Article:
Colorado Rockies Free Agent Targets: What They Might Cost

So what will the Colorado Rockies have to pay to acquire some of the players they potentially have on their free agent wish list? One well-known writer thinks he has an idea.

In a recent article on FanRagSports.com, Jon Heyman predicted the contracts that 56 of the most coveted free agents on the market might receive heading into the 2017 season. Some of these names include players who have been rumored to be on the Colorado wish list. Some are former Rockies who are expected to be with other teams in 2017.

In our look at two free agent pitchers who could make an impact in the Colorado bullpen, we detailed thoughts on Brad Ziegler and Edinson Volquez. Heyman predicts the following for those two players:

Edinson Volquez, $20 million, two years.

Brad Ziegler, $18 million, two years.

Two other names tied with possible interest to the Rockies include premier setup man Neftali Feliz and top closer Mark Melancon.

Heyman is forecasting Feliz (who was linked to the Rockies in this article) will bring in $12 million over two years. Another article said Melancon, a Denver-area native, would have interest in returning to the Mile High City. If he does, it may cost the Rockies $56 million for four years of service.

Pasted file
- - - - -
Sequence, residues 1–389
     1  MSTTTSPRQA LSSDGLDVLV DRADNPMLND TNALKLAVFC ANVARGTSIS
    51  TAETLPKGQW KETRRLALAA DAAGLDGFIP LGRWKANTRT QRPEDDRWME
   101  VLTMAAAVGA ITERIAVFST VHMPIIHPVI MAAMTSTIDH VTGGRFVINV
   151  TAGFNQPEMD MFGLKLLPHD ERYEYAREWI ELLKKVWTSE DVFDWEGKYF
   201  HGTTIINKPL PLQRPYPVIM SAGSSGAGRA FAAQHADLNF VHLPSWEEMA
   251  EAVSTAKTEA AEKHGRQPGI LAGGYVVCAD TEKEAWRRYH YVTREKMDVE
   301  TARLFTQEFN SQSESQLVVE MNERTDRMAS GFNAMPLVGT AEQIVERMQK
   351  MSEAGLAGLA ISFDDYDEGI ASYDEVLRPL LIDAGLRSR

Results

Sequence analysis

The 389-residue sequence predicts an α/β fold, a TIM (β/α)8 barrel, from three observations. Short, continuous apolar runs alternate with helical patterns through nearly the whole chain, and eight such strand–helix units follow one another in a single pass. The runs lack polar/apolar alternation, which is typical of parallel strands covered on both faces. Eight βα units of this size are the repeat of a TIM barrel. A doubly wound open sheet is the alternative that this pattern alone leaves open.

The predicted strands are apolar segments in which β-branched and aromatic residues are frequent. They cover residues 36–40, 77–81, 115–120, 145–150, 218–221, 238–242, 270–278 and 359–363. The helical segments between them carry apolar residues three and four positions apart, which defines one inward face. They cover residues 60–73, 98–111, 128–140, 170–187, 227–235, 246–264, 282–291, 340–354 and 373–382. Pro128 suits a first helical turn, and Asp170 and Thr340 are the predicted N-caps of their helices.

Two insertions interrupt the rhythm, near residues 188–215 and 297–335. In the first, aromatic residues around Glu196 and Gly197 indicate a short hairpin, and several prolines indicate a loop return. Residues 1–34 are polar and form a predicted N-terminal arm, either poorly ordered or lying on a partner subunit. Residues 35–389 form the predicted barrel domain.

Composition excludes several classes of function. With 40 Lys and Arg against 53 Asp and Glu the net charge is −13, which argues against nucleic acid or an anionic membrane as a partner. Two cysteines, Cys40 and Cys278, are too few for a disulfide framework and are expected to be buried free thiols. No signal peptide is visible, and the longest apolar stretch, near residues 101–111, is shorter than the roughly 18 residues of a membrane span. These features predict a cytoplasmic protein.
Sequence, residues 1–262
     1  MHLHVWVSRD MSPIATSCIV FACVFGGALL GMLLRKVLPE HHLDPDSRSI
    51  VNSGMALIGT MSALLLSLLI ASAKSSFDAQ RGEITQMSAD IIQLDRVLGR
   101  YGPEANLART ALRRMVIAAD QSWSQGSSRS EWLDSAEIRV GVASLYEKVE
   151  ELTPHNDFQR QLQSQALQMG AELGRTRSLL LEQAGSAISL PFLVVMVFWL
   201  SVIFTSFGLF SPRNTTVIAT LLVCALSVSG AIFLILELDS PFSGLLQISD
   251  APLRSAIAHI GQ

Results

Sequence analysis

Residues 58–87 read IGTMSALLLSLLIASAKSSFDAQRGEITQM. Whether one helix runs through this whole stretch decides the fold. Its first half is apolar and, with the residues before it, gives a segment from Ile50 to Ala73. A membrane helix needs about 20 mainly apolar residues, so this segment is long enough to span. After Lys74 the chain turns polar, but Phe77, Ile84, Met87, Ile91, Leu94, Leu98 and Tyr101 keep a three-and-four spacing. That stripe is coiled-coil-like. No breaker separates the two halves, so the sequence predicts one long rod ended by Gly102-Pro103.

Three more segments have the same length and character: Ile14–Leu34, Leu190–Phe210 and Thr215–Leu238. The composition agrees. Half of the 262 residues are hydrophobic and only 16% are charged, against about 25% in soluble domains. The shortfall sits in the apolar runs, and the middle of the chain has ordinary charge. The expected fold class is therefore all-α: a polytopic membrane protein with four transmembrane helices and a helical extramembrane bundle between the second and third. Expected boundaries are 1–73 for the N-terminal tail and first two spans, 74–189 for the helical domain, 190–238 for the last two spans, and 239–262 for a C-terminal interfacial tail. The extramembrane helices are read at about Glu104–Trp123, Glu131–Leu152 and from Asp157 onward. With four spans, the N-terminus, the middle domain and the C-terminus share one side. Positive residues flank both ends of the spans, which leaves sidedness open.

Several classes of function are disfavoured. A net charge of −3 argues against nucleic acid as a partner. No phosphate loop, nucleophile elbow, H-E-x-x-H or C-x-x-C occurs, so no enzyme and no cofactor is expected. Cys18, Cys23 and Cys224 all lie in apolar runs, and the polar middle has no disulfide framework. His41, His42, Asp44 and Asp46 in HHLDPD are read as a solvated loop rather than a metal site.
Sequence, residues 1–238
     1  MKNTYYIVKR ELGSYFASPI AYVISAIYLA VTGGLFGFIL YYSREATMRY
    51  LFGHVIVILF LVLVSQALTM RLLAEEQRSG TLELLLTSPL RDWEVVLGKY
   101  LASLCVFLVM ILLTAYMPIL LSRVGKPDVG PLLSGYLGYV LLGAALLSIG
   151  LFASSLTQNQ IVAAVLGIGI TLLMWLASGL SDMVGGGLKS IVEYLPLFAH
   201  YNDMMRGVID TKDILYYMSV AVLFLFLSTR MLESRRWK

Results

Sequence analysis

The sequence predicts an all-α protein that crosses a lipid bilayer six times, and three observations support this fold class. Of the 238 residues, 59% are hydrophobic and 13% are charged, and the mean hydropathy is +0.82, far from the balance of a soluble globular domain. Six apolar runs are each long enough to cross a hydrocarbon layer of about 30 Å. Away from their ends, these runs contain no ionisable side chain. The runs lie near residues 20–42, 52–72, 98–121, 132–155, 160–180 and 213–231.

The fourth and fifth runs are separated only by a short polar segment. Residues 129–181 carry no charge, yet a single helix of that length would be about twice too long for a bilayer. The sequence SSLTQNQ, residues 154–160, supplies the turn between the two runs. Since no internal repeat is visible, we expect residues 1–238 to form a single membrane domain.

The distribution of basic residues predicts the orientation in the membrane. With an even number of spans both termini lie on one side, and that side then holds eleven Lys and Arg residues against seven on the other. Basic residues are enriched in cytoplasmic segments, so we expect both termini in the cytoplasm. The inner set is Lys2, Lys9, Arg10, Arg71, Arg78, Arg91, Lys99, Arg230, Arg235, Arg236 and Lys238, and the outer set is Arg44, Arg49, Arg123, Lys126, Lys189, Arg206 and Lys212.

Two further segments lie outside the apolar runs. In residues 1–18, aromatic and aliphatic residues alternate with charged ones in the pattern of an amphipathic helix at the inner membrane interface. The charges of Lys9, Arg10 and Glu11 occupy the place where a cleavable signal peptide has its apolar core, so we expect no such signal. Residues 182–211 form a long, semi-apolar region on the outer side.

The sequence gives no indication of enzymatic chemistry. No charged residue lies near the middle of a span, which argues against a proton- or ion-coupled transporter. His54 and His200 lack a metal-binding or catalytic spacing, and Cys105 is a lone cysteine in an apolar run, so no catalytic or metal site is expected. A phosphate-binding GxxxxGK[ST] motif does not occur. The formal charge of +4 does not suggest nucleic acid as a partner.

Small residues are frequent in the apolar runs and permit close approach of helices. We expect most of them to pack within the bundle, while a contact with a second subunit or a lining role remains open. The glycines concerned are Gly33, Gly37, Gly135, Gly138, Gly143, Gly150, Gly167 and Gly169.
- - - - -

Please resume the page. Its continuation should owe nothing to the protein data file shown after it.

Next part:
That sums up in the pitching prognostications, but what about first base?

In our article on four possible fits for the Rockies at first base, the names of Matt Holliday and Mark Trumbo were mentioned. Heyman predicts the following for those two players:

Mark Trumbo, $45 million, three years.

Matt Holliday, $10 million, one year.

And what about another option at first base, Mike Napoli? We talked about what he would bring to the Rockies, on and off the field, in this article. Heyman predicts Napoli will earn $26 million for two years.

Heyman also talked about four former Rockies and what their paydays might be in other locations. Here’s a rundown…

Dexter Fowler, $60 million, four years.

Boone Logan, $15 million, three years.

Nick Hundley, $12 million, two years.

Jorge De La Rosa, $8 million, one year.

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